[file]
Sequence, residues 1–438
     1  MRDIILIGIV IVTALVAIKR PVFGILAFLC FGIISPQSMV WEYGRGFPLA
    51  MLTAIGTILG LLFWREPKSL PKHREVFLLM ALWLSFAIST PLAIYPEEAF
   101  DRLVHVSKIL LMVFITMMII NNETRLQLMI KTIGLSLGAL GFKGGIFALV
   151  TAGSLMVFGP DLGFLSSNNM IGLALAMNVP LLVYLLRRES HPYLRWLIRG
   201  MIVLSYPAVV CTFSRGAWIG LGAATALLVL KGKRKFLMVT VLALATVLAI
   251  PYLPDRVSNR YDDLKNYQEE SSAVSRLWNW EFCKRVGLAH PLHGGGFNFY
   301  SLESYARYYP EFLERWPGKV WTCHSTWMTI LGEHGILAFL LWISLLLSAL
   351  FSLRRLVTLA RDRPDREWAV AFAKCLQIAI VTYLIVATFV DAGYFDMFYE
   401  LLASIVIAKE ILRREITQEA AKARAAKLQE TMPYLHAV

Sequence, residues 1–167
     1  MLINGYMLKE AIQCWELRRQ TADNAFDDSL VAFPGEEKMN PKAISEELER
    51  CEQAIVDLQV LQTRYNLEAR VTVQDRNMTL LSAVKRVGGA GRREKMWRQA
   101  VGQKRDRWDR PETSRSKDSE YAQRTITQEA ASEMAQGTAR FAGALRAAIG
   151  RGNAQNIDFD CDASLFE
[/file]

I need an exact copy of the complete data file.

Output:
Sequence, residues 1–438
     1  MRDIILIGIV IVTALVAIKR PVFGILAFLC FGIISPQSMV WEYGRGFPLA
    51  MLTAIGTILG LLFWREPKSL PKHREVFLLM ALWLSFAIST PLAIYPEEAF
   101  DRLVHVSKIL LMVFITMMII NNETRLQLMI KTIGLSLGAL GFKGGIFALV
   151  TAGSLMVFGP DLGFLSSNNM IGLALAMNVP LLVYLLRRES HPYLRWLIRG
   201  MIVLSYPAVV CTFSRGAWIG LGAATALLVL KGKRKFLMVT VLALATVLAI
   251  PYLPDRVSNR YDDLKNYQEE SSAVSRLWNW EFCKRVGLAH PLHGGGFNFY
   301  SLESYARYYP EFLERWPGKV WTCHSTWMTI LGEHGILAFL LWISLLLSAL
   351  FSLRRLVTLA RDRPDREWAV AFAKCLQIAI VTYLIVATFV DAGYFDMFYE
   401  LLASIVIAKE ILRREITQEA AKARAAKLQE TMPYLHAV

Sequence, residues 1–167
     1  MLINGYMLKE AIQCWELRRQ TADNAFDDSL VAFPGEEKMN PKAISEELER
    51  CEQAIVDLQV LQTRYNLEAR VTVQDRNMTL LSAVKRVGGA GRREKMWRQA
   101  VGQKRDRWDR PETSRSKDSE YAQRTITQEA ASEMAQGTAR FAGALRAAIG
   151  RGNAQNIDFD CDASLFE